PAINTINGS by a widely acclaimed European Expressionist artist, which were created in Amersham, will feature in the inaugural exhibition of Amersham Museum’s new gallery space. This will open on March 9 and is named after the artist, Marie-Louise von Motesiczky, and supported by her charitable trust.

Marie-Louise arrived in Amersham in 1940 when she was 34. Her aristocratic family was of Jewish heritage, and in 1938 she fled her native Vienna and travelled via Amsterdam to England.

In unfamiliar surroundings, she created a new life for herself in a small terraced house on Amersham Common.

The Motesiczky Family in Amersham

Marie-Louise was just getting established as a painter, after holding her first solo exhibition in The Hague. She arrived in England with her mother, Henriette and Marie Hauptmann, her childhood nanny who took on the role of housekeeper. She was very close to Marie-Louise and helped take care of Henriette, who suffered from frequent bouts of ill health and could be very demanding.

Initially the family lived in Hampstead but soon they decided to leave London during the Blitz. Amersham was within easy reach of London so Marie-Louise could remain in touch with friends in the city. The Motesiczkys found lodgings with recently widowed Lottie Meakin at a house then called Edale, on Stubbs Wood (now number 41) overlooking the Chess Valley. Her husband, Walter Meakin, had been a Labour Party member, and a founding member of the National Union of Journalists.


Although the Motesiczkys arrived with only a few possessions, in 1940 they could afford to buy Cornerways, an end of terrace cottage, in a row of three, on the corner of Chestnut Lane and Chestnut Close. There was a large garden which wrapped around the house and backed on to a public footpath.

Henriette recorded her initial reaction to the house: “from the outside it appears totally unassuming, I fell in love with the interior and the arrangement of the rooms. It really was so totally right for us – we could not have found anything better.”

Marie-Louise’s brother Karl, who remained in Austria and later died in Auschwitz, sent some of the family’s belongings, and several of Marie-Louise’s paintings, enabling them to furnish their new home with familiar items. Dutch and German paintings, a Russian rug, an inlaid desk and dining table, and large, ornate wardrobes created an echo of a lost Vienna.

The garden, which features in many paintings, included a lawn tennis court, vegetable garden and fruit trees. The Motesiczkys continued to grow vegetables, which they stored in a lean-to by the house. They used the tennis net to cordon off the orchard, creating a pen for 15 chickens to roam. In the summer their many émigré friends, including the writer and later Nobel Laureate, Elias Canetti, would relax in deckchairs or the comfortable garden hammock. The household included Marie’s black cat, Susi, and the first of many dogs, Philip, a corgi, who Marie-Louise also painted.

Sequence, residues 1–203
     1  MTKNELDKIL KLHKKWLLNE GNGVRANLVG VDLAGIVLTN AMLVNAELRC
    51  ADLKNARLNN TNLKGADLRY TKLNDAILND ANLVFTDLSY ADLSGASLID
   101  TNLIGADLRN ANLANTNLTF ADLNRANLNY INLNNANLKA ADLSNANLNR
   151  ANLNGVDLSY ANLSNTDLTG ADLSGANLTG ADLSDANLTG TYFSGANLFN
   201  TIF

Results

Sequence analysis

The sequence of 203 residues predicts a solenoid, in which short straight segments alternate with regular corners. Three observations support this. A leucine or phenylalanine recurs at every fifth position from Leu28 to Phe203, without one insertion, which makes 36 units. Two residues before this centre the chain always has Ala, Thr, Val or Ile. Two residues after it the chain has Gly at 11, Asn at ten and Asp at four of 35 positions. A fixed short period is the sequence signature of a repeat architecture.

Chestnut Lane

Cornerways was located on an unmade country lane with no streetlights or pavements. The road finished at Quill Hall Farm, which was surrounded by fields and views of the Chess Valley. There was one pub, The Red Lion, and a small shop, Chestnut Stores, which sold newspapers, groceries, and tobacco for Henriette’s pipe.

Henriette described her first impressions of Chestnut Lane: “It is situated in a calm, shady street in which, thank God, there are no elegant villas but only small inconspicuous little houses and large meadows and gardens which belong to large estates. An old dairy with wonderful, age-old chestnut trees, grazing cows and horses is opposite us. Also quite close is a pub, from where you can carry very warm beer across the road in the summer.”

The residents of Chestnut Lane were Marie-Louise’s community, the people she would have walked past and greeted, or seen in the local shop or pub. Several even became subjects of her vivid, dramatic portraits.

After the war Marie-Louise moved back to London, where she lived until her death in 1996. Her mother and Marie carried on living in the house in Amersham with Marie-Louise visiting most weekends and continuing to paint there. After suffering a series of strokes, Marie died in 1954. Henriette was becoming increasingly frail, and after Marie-Louise bought a large house in Hampstead, she moved there in 1960. Cornerways was rented out and eventually sold in the 1970s after planning permission was granted for two new bungalows in the garden.

Professional success

Marie-Louise contributed several paintings to émigré artists’ exhibitions during the 1940s, whilst living in Amersham. She became a naturalised British Citizen in 1948 but it took far longer for her to achieve the professional recognition she deserved in her adopted country. In 1985 she had a retrospective exhibition in London at the Goethe-Institut when she was hailed as a major discovery and a “dazzling talent”.

Marie-Louise never needed to sell her work and always found it difficult to let go of her ‘children’ as she called her paintings. After her death, most of her work passed to the charitable trust that she had recently established. The trust has now distributed many paintings among public collections throughout the world, more than achieving her own ambition that: “if you could only paint a single good picture in your lifetime, your life would be worthwhile”.

The exhibition will be free with museum entry and will run from March 9 until August 26, between Wednesdays and Sundays 12pm to 4.30pm.

Please see for more information.